Pray: God, I can’t do your job. Deliver me from the temptation to try to be what you, and only you, can be—the ruler of the universe. Remind me not to try to “do it all alone.” Amen.
WEDNESDAY 1.30.19 – Our deep need for connectedness
Read: Genesis 2:18, Ecclesiastes 4:7-12, John 14:18-19
Reflect: News reports, and mission partners in various parts of Africa, have showed us the plight of more than 100 million orphans and vulnerable children due to the AIDS epidemic. Genesis 2 stated a human truth: it isn’t good for us to be all alone. And Jesus, in a land where poor health and Roman violence left many children orphaned, used that image to promise his followers that, whatever befell their human connections, he would never leave them as orphans. Through the Holy Spirit, he would always be with them.
• Sometimes seen as bitter and cynical, the wisdom teacher of Ecclesiastes warmly valued human friendship. “Two are better than one,” he wrote. They “can help each other, can keep each other warm and safe.” * Then he added that “a three-ply cord doesn’t easily snap,” which “may imply that three companions are even better than two.” * In what ways have you found value in doing things with another person or two, rather than all alone?
• In John 14, Jesus gave his followers a glimpse into the mysteries of God. He preceded the verses we read today by promising to send “another Companion” (Greek paraclete, which meant companion, helper, advocate and comforter, and referred to the Holy Spirit). Then he said, “I will come to you”—in other words, the Spirit’s presence was his presence. When have you sensed Jesus’ comfort, protection or uplift without a visible presence giving it to you?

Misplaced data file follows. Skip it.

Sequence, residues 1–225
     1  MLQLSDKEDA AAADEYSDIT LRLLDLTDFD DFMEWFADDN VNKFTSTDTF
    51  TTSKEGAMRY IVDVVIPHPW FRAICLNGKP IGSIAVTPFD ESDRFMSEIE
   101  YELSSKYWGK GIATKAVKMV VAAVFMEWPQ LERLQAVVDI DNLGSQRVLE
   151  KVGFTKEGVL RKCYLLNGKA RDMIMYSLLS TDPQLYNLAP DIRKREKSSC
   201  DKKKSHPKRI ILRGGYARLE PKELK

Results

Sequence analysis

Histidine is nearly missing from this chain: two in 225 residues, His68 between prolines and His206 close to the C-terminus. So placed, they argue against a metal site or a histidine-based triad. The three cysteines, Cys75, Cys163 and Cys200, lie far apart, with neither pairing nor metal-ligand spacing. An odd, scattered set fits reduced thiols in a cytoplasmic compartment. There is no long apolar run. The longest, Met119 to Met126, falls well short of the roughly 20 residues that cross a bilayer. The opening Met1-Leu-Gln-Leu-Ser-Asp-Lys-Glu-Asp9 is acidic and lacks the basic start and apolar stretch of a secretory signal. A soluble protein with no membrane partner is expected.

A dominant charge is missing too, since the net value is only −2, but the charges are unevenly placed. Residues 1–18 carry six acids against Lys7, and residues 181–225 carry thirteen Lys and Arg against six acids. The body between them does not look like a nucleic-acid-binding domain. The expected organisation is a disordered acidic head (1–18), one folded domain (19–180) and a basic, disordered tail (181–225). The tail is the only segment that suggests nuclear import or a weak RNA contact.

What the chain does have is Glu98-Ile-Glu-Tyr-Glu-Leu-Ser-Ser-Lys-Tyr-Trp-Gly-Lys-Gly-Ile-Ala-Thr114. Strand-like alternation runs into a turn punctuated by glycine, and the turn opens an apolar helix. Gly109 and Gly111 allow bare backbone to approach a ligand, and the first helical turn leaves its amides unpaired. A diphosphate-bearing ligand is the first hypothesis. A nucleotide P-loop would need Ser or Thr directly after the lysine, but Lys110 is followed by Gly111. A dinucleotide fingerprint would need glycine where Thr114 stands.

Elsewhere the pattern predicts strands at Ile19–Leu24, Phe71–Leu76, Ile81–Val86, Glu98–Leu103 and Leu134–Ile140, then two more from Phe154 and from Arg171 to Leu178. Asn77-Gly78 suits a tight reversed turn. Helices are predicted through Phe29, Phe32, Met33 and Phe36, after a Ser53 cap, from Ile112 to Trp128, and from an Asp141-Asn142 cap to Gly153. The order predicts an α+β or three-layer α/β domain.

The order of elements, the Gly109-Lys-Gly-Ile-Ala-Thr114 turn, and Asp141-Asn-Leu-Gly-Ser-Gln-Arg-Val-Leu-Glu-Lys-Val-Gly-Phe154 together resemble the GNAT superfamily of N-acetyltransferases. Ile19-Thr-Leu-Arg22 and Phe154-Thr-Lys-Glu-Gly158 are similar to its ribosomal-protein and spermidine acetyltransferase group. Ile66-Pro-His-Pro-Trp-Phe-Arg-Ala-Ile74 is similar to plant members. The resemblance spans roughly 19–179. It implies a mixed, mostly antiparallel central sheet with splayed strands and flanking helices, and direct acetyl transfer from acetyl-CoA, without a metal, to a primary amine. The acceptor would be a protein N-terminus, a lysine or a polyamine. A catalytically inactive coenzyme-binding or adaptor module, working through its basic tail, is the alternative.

Pray: Lord Jesus, thank you for keeping your promise not to leave me as an orphan. Teach me how to claim you as my Companion and Comforter, even when my circumstances seem the hardest. Amen.
* Brent A. Strawn, study notes on Ecclesiastes 4:9-12 in The CEB Study Bible. Nashville: Abingdon Press, 2013,
p. 1061 OT.
THURSDAY 1.31.19 – God calls us to provide community for those who are alone
Read: James 1:26-27
Reflect: True devotion to God, James said, doesn’t show itself in grand words, whether they are lofty or angry. Our devotion shows most truly as we actively care for and help those who have to face the world alone. That can be as simple as extending friendship and human warmth to those whose circumstances leave them alone, or as demanding as becoming foster or adoptive parents (for information on Fostering or Adopting in Iowa, go to www.iowafosterandadoption.org) ordinary Christians suffered from social and legal persecution. But life in those conditions was even harder for orphans and widows, who had no family and no legal standing at all to protect them. Which, James asked, would help them more—a biting, angry tirade against the tyrants, or a tangible act of love and assistance? How can we apply the principle behind his words to situations we face today?
• “Orphans and widows in the Old Testament symbolize the most unfortunate members of society (see Exod. 22:22-24).” * If James were writing today, who might he list in his letter as among the most unfortunate members of society? As you think about those people, is your heart moved with compassion, or do you find it uncomfortable and try to put them out of your mind?
Pray: Lord God, I’m devoted to you—after all, I read the GPS. Give me the insight and the courage to find tangible ways to live out that devotion, serving you by serving others who are alone and hurting. Amen.
* Patrick J. Hartin, study notes on James 1:27 in The CEB Study Bible. Nashville: Abingdon Press, 2013, p. 456 NT.
FRIDAY 2.01.19 – God knows and loves you, inside and out
Read: Psalm 139:1-12